structures in the church" which should be followed.

The four also downplayed
a recent petition from some church members calling on Bishop Mwamba to step
down. The petitioners called on Minister of Labour and Home affairs, Peter Siele
to intervene.

"We have structures that should be followed. This is not an
industrial action," the four said in response to questions on the petition.
Asked whether Bishop Mwamba is agreeable to permitting homosexuals into the
priesthood, Father Mudereri responded: "As far as I know, Bishop Mwamba has
never announced that he is pro-homosexual. But, homosexuals are there. We must
accept them as children of God. We must help them".

Meanwhile, some of the
suspended priests say they have not been paid. Mothibatsela said "we are working
on that problem and they will be paid".

The seven priests who successfully challenged their suspension are Aubrey Molatlhwe, Botshabelo Beleme, Moreri Leteemane, Mooketsi Mokgatlhe, Paul Beleme, Essau Mosima (deceased), and Patrick Ncaagae for the congregations of Lobatse, Molepolole, Mahalapye, Broadhurst, Mogoditshane, Selibe-Phikwe and Tonota. They argued that their suspension was to give way for expatriate priests.

Mudereri said yesterday that the church needs more priests.

DRC: Silent Genocide

Angola to send troops into the Congo

Disasters Emergency Committee Appeal
Amnesty International Action

The Catholic Bishops of the Congo have published a statement on the conflict:

2. We are living through a genuine human tragedy that, as a silent genocide, is being carried out under everyone's eyes. The large-scale massacres of the civil population, the selective extermination of young people, the systematic violations carried out as a weapon of war, have again been unleashed with
unthinkable cruelty and virulence against the local population that has never
asked for more than a tranquil and dignified life in their lands. Who is
interested in such a tragedy?

4. It is obvious that the natural resources of the D.R. of Congo fuel the greed
of certain powers that are not foreign to the violence imposed on the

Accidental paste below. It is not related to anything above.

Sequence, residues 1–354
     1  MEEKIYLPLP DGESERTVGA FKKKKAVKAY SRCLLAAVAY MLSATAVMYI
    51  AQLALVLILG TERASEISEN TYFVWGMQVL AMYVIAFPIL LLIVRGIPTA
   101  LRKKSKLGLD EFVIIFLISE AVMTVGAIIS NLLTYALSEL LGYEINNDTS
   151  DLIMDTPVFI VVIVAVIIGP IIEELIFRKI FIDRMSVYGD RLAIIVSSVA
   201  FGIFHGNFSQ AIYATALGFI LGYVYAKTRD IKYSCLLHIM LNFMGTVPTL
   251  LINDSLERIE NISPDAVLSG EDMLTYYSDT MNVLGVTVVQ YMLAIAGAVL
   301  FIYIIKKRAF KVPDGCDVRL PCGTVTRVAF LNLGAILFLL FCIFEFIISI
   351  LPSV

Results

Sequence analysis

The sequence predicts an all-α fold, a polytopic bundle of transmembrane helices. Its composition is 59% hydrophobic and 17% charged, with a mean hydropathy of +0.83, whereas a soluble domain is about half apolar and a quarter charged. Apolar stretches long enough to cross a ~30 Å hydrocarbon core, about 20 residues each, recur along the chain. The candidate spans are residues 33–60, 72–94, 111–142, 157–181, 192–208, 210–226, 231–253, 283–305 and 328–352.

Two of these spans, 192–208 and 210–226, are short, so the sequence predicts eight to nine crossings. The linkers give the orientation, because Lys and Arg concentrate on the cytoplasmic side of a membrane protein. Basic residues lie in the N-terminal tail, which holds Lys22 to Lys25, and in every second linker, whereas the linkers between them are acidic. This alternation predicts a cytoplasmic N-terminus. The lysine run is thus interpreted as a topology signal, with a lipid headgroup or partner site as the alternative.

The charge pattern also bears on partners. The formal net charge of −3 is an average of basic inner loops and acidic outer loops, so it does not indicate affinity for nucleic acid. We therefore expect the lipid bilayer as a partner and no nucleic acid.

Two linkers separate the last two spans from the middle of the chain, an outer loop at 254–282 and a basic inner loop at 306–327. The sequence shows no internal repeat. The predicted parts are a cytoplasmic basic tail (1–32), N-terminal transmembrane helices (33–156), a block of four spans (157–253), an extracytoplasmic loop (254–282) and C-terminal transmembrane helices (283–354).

population. Indeed, all the conflicts take place on the economic routes and
around mineral deposits.


What Do We Request?
6. We ask for the immediate cessation of
hostilities and that conditions of security be guaranteed for the return of all
the displaced to their lands.

7. We appeal with greatest urgency for national and international
solidarity, so that humanitarian aid is increased in favor of the thousands of
men, women and children crowding the camps.

8. We invite the whole Cong olese population to a national awakening to
live as brothers and sisters, in solidarity and national cohesion, so that the
D.R. of Congo will not be carried away by violence and divisions.

9. We exhort the Congolese government to make all the necessary efforts to
re-establish peace throughout the national territory. It is the sacred duty of
our political leaders to exercise their functions of government to protect the
people and guarantee the security of the borders. No one ignores the fact that
the lack of a republican army is harmful to peace in the country.

10. We appeal to the international community to be sincerely committed to
respect for international law. We consider it an imperative need to send a force
of pacification and stabilization to re-establish rights in our country. The
whole world will gain more with a Congo in peace than a Congo at war.

All here.


Wanted: Compassion and Justice

Irony is not a strong suit in the Home Office

Ekklesia reports that

Three of Britain's leading Free Church denominations have called for